As a performer I was treated well, both on and off the set, so it didn't really affect the performers in that sense and I could see the production values in the final film so it shows you don't have to spend thousands and thousands to make a high production value film.

Did Django Away! turn out how you envisioned it?

Not quite, because I couldn't envision it from the bits I read (laughs), but that was part of the thing that made me want to do it, aside from that I was available. I still am if anybody's reading, almost permanently! (laughs) I wasn't sure until I saw the whole thing how it was going to turn out. But when I did I got the through lines about attitudes to comedy and the purity and life affirming value of laughter and the value of comedy. I didn't get all that until I saw it all together. I could tell it was going to be surreal, in some ways, with moments of slapstick and farce with character stuff as well, but it wasn't until I saw it that I really got the through lines, which is probably a good thing.

Cobb and the Boys have a good laugh at Django's digging, but only while Madame Bonneville is out of earshot.

As one of the first cast members, how did the project grow from your perspective?

When I saw the final version it struck me how it had developed from those early ideas. I remembered the shoots, just one camera and us, without loads and loads of people around. I could see that there must've been a lot of energy and imagination gone into it to make it look like a proper film (laughs). It's quite cinematic on the screen! The route of just going for it, going with the idea, shows us that that’s what counts in the end: the ideas are important and the technical expertise but it's the broader vision that makes it work. And it was quite a thing to see it go from fairly modest sets and set-ups to what it was like when it was all put together. I could see how it had grown, grown organically, a non-GM film (laughs).

Is there anything that films of this scale offer that larger films can't?

Yeah, again, I suppose, it's show business isn't in (laughs). You can go for the business but I think this scale of film has more purity when you have less money. If you start getting accountants and finance involved then they'll want to see a return. So unless you’re Ken Loach, or someone like that, where you run the show completely, directors probably feel under pressure sometimes to curb their vision or do something differently or make it more commercial. I think with this type of filmmaking there's no pressure from backers and there is definitely some artistic value in that. You end up not doing the obvious.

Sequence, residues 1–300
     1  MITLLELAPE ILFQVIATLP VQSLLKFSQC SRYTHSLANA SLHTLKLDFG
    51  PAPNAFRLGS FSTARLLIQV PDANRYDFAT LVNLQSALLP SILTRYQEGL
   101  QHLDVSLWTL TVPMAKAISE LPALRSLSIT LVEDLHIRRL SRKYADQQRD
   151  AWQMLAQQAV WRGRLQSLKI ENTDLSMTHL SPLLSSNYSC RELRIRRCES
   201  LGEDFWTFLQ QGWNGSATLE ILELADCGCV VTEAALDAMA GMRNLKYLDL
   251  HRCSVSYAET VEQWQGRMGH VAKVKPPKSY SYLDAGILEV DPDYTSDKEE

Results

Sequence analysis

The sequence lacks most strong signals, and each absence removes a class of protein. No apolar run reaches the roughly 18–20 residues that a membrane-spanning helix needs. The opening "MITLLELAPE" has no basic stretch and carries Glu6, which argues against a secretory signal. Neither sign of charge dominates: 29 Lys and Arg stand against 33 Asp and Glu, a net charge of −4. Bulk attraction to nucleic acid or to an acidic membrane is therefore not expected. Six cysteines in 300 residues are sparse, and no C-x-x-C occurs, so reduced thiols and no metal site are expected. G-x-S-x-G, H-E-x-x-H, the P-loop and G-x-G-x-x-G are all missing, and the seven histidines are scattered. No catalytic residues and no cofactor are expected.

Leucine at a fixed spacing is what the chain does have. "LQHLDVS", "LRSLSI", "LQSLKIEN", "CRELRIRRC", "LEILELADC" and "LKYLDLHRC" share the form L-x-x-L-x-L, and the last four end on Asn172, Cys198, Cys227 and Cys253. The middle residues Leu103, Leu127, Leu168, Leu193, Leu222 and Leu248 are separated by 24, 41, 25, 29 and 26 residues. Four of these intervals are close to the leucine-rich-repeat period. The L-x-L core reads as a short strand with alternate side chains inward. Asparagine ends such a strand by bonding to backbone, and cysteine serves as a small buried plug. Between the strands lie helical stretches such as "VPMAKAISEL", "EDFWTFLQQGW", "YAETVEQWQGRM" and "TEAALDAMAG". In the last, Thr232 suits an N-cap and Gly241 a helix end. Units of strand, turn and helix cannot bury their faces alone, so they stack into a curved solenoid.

Lee Hill gives Hutchings the benefit of the doubt as his company is running out of options.

What are your favourite moments of Django Away?

I enjoyed the slapstick element of it, despite not being a massive fan of the genre, but I did enjoy the daftness of it. Especially the naivety of Hutchings' character which made me smile quite a lot. Also, spoiler alert, there is a serious through-line, I'm sounding pretentious now, but there is a serious element to it in terms of attitudes to comedy and the value of comedy. It was also interesting how it looked at comedy as a medicine, that it's something we all need and can make us feel better. It's one of the greatest things in life but it can also be used as a weapon. Comedy has to be treated with respect as it can tear people down or build them up. That was what I took from it in terms of the more serious side of it, which I found thought provoking. (Laughs) But, as I said, I am available: weddings, bar mitzvah, any religious or non-religious or humanist events of any description, I am available.

Extracts of this interview were used for the What4 Film Specials that Presents Inc made to promote Django Away!